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Breast Cancer Amazons


THE WOUNDED AMAZON, Marble statue Metropolitan Museum, NY: wounded Amazon (Roman Copy, probably after Polykleitos or even Kresilas or Pheidias) c. 450-425 BC.

Genetics and Environment perform a delicate contrapuntal dance in disease causation that is only just beginning to be understood. For many years after the advent of the human genome project began and as genetic counseling became more possible, genetics were over-emphasized as a cause of disease. For instance, only 5-10% of breast cancers can be accounted for by genetics (Breastcancer.org 2015). Moreover, much of the genetic susceptibility to cancer may only operate in an environment filled with toxic chemicals, as ours is. Why are we surprised that we are seeing an increase in cancers when we have filled our environment and ourselves with chemicals that are known to cause it?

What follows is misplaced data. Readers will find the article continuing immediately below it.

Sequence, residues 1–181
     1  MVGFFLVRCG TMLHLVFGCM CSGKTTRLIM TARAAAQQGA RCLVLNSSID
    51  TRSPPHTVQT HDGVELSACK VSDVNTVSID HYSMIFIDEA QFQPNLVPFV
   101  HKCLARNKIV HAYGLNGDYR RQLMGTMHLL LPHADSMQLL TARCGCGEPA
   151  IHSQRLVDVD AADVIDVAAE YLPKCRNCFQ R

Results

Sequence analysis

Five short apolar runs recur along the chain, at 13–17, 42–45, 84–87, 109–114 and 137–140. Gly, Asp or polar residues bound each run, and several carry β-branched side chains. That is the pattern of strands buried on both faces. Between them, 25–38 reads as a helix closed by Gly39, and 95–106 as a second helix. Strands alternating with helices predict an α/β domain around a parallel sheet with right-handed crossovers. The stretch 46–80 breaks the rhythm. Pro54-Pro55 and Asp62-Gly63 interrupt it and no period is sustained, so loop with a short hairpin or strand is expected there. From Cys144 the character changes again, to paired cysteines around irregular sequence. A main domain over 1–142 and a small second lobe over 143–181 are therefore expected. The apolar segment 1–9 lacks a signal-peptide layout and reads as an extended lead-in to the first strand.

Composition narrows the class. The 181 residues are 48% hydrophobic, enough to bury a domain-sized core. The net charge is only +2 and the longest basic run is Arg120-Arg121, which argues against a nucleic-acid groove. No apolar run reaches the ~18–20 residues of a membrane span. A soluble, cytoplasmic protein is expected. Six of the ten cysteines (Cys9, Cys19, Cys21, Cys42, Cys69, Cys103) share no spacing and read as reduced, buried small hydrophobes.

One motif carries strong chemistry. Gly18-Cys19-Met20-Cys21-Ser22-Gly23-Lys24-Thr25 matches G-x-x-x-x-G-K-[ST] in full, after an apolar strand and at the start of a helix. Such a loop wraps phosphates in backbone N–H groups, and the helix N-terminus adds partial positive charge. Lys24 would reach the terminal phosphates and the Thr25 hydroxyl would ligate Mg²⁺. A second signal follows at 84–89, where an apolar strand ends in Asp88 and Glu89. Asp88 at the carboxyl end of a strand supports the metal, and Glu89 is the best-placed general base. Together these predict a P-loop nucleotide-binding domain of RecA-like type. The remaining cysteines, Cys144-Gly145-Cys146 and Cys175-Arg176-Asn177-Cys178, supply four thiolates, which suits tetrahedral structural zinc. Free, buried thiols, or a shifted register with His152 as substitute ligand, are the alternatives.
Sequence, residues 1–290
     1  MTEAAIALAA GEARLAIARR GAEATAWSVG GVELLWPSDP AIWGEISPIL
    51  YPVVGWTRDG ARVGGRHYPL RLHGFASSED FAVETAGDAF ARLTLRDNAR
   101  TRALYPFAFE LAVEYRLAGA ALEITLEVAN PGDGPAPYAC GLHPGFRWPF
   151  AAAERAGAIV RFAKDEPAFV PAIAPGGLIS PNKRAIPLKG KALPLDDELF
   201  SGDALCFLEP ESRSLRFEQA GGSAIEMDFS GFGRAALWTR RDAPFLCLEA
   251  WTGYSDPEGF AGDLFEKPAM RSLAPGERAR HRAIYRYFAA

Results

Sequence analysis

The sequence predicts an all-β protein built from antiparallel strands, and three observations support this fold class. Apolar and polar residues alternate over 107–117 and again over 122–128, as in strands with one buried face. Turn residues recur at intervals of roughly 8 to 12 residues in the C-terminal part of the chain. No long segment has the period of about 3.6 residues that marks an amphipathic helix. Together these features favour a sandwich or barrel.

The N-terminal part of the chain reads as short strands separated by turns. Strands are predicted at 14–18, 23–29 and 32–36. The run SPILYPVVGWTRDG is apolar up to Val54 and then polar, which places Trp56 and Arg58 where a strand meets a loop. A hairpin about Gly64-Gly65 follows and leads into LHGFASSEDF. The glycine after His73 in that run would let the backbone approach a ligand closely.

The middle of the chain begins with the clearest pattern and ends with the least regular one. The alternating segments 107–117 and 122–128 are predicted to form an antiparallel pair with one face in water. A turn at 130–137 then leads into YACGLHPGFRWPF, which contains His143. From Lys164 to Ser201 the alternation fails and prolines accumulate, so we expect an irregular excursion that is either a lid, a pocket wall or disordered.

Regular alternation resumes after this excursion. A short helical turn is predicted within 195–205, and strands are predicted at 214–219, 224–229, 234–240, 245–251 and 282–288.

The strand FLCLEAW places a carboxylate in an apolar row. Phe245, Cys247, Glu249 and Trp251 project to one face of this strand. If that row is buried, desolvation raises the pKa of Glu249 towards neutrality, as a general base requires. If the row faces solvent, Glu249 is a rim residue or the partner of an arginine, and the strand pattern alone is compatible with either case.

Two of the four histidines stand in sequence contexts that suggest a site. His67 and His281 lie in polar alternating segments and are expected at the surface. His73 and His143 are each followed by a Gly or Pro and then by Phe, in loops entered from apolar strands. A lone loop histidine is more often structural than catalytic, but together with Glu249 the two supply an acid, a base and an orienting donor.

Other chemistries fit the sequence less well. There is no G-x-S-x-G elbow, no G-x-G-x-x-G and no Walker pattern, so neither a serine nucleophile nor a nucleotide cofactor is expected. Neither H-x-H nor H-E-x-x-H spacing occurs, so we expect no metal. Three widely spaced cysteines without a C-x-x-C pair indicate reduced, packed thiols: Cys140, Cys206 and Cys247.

One recent study found an association between these kinds of pesticides, brain tumors, and the kinds of genetic differences that result in a poor ability to metabolize, or process and expel, these chemicals (Nielson et al. 2010). Results showed more than a doubled increase in risk for children with the poor metabolizer genes, although children with these very same genes, if not exposed to insecticides, showed no increase in risk. This is so important: it shows how we are now selecting against a large proportion of our population, which has never had to defend against these novel chemicals before in evolutionary history. These genes are not necessarily bad in themselves; they are only damaging in the context of a pesticide-filled environment. We have evolved for intelligence, and ability to defend against bacterial infections, and kindness towards others; but we are evolutionarily unprepared to fend off damage by these chemicals, most of which nature had never seen before humans created them. Evolution does not work to create the best creatures, but those most fitted for the environment around them. In selecting against these genes, not only are we going to kill many more innocent people; we are changing our future as a species, and not necessarily in a good way. Why should we expend our collective energies adapting to a filthy planet when we could just choose not to pollute? Furthermore, this study shows what many other studies show as well, that lack of metabolizer genes is a risk factor for cancer, and other diseases linked to environmental toxicants (Yang et al. 2009; Autrup 2010; Chokkolingam et al. 2012). Conversely, genes that promote carcinogen metabolism convey protection (Yeoh et al. 2010). Enzymes produced by these genes, like Paraoxonase 1 (PON1), which is responsible for metabolizing various organophosphate pesticides, are at their lowest level in newborns and young children. Children reach adult levels of organophosphate pesticides at age three, exposing them precisely when they are most vulnerable to the effects (Nielson et al. 2010; Huen et al. 2012). Some early geneses of cancers that are diagnosed in adults are actually begun in childhood. Studies looking at breast tissue in rats show that the tissue is fundamentally different when the rats are exposed at very early stages. Genetics and environment work together in surprising ways; sometimes, the genetic weak link is not primary, but secondary, in the immune system or detoxification system, for example. Those weaknesses, keep in mind, are only uncovered in combination with a toxic environment. People with a genetic disposition to produce less PON1 therefore suffer more from the effects of toxicants. Its activity is lower in children with autism, which means they can’t clear it from their bodies and are more susceptible to harm from the pesticide (Deth 2008; Pasca et al. 2006). Damage to the PON1 gene, which produces the enzyme, is more common in Americans than Italians, which is likely a result of the much higher levels of pesticides in the U.S. (D’Amelio et al. 2005). In a study conducted in agricultural communities, higher levels of PON1 in pregnant mothers are linked with lower levels of organophosphates in blood and urine in both mothers and children, which affects cancer rates quite directly.